There is a well-known theorem of Shafarevich that given a finite set $S$ of primes the number of isomorphism classes of elliptic curves over $\Bbb Q$ with everywhere good reduction outside $S$ is finite.

One way to prove this, which Cremona and Lingham use here to compute all such curves, is to use Siegel's theorem that an elliptic curve over $Q$ has only a finite number of $S$-integral points.

Here's a proof with overkill:

Given $S$ there are a finite number of possible conductors $N$ for elliptic curves with everywhere good reduction outside $S$. They must all be divisors of $2^8 3^5 d^2$ where $d$ is the product of those primes in $S$ different from 2 and 3.

The corresponding spaces $S_2(\Gamma_0(N))$ of cuspforms for each of our finite list of $N$ is finite dimensional.

By the modularity theorem, there is hence finite number isogeny classes of elliptic curves with everywhere good reduction outside $S$.

By Mazur's *Modular Curves and the Eisenstein Ideal* there are only a finite number of isomorphism classes of elliptic curves in a given isogeny class.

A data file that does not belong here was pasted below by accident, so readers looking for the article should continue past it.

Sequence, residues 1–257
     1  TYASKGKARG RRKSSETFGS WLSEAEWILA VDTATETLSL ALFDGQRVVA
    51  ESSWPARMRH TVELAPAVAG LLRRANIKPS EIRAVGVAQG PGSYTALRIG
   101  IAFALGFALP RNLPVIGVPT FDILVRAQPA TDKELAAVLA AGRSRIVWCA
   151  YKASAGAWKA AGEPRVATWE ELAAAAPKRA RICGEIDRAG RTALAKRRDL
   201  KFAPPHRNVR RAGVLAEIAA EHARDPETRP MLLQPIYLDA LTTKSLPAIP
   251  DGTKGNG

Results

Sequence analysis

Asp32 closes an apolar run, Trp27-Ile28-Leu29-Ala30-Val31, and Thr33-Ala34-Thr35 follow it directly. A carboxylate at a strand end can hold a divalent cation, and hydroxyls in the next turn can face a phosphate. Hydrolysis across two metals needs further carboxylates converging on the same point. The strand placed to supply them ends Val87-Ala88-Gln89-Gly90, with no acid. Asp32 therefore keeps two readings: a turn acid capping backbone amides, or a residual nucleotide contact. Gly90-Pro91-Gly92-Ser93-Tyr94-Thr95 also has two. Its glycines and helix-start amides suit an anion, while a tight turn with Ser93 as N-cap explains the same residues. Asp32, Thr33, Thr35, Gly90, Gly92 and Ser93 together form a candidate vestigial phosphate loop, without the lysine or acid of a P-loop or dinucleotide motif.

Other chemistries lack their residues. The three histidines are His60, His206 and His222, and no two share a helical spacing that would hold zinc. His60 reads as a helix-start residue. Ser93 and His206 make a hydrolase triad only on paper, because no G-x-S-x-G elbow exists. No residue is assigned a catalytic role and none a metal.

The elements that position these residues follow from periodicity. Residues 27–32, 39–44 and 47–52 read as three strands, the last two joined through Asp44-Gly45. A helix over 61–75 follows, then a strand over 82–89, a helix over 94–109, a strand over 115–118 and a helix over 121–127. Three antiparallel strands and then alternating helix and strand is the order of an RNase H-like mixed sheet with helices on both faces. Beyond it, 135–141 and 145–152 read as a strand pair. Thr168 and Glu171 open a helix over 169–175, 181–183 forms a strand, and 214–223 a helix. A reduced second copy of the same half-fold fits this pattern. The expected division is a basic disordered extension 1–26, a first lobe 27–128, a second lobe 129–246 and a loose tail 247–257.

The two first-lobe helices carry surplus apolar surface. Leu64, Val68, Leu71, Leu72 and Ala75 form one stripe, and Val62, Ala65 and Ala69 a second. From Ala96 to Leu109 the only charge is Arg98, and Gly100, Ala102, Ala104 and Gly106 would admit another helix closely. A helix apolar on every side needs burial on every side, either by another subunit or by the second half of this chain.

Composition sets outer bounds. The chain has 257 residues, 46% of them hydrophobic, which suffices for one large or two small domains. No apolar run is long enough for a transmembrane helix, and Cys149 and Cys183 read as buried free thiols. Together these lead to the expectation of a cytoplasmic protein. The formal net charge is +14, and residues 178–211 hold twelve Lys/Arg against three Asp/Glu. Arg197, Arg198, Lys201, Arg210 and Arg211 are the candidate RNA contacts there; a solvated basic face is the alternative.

Question 1:Does any of this machinery rely on Siegel's theorem?

Question 2:If the answer to question 1 is no, can this proof of Shafarevich's theorem be "cheaply extended" to deduce Siegel's Theorem from these seemingly unrelated powerful results?

By "cheaply extended" I mean without the use of techniques with the diophantine flavor of Baker's theory of linear forms in logarithms.

generalfor elliptic curves over # fields by Faltings when he proved it in all dim's...via his proof of Shaf. conj. in all dim! – BCnrd Aug 31 '10 at 4:30